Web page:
Historic maps of the area show that in 1841 there were 22 mills in the valley below Rio Elba, all equipped with a millpond. Over the years, however, this activity waned and in 1934 there were only 16 mills remaining, of which only three were still able to function.
You can visit the Valley of the Mills, which stretches for two kilometres between Rio Elba and Rio Marina, by going down the Via di S. Giuseppe which was the ancient road connecting Rio to its Marina. Following the course of the water, it is easy to find the ancient path and get an idea of the succession in which the mills were arranged.
The Valley of the Mills was born from a copious source of water located north of the town of Rio Elba. Today this water is channelled into the village by the Fonte dei Canali built in 1818, but in more ancient times it was pushed downstream to feed the numerous hydraulic mills that stood on either side of the canal that ran from Rio nell'Elba to the first houses of Rio Marina. These mills were used for grinding cereals that were transported to Rio from different parts of the island, and at the peak of activity also from the Tuscan hinterland.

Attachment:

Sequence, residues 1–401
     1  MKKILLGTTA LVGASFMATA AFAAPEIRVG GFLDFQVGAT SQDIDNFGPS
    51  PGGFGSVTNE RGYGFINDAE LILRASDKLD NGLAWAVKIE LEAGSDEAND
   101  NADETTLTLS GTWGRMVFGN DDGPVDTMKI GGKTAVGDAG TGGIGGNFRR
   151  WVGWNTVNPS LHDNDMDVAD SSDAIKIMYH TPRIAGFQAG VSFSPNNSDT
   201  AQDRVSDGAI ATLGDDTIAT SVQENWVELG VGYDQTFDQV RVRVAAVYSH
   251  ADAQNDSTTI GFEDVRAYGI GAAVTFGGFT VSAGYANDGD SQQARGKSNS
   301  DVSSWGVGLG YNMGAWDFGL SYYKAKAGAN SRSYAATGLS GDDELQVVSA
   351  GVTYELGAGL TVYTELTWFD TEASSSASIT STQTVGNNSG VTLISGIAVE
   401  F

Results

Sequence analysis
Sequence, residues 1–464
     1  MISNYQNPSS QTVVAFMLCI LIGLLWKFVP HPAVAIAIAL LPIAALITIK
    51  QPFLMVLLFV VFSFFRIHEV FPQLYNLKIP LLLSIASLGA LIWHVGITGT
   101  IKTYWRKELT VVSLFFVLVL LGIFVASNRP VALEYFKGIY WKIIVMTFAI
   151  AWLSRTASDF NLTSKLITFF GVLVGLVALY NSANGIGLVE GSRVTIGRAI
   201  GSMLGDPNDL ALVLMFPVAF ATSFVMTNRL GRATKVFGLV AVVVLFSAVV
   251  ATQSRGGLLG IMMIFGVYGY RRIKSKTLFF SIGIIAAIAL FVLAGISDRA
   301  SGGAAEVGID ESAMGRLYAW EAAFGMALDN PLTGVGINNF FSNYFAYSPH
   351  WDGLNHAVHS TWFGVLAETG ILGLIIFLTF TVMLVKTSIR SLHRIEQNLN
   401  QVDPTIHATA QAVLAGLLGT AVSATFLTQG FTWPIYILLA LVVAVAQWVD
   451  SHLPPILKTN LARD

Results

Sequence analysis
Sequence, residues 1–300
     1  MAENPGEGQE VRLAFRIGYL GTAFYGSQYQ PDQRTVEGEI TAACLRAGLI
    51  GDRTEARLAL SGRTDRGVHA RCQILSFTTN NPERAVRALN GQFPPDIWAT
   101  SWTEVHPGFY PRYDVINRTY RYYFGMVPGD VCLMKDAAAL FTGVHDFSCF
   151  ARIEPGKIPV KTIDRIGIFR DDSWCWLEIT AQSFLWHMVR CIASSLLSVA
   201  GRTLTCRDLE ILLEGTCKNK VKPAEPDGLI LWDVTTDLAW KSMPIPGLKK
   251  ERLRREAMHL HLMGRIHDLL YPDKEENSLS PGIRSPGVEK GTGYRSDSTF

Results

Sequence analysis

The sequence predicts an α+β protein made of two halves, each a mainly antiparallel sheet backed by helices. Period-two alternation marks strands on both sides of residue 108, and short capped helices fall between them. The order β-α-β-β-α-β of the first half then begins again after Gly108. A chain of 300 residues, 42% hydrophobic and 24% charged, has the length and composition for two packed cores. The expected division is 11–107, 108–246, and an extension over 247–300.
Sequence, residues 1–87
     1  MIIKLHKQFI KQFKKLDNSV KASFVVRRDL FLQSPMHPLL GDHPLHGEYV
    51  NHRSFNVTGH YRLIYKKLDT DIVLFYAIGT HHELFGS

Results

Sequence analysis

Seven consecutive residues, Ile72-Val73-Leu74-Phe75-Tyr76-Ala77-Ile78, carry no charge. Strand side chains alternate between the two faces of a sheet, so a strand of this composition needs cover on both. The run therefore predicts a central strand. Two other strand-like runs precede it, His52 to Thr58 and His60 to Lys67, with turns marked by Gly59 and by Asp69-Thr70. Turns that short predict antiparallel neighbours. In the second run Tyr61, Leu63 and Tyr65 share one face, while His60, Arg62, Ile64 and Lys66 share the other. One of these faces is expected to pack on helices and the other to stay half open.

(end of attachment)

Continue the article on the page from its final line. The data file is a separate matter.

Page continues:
Agricultural activity has always been considered a complementary activity in Rio, almost secondary, however every family had its own small plot of land for growing vegetables.
Traces of the millponds can still be found along the valley and were at a higher level than the millwheel, these were basins where water was stored before passing along a feeding channel from where it fell on to the millwheel. The fall increased the energy produced by the water. The millponds varied in size from 200 to 400 sq m and were on average two metres deep.
Project realized with the collaboration of Maria Cristina Nicoletti and Alessio Mussetti for photographic support.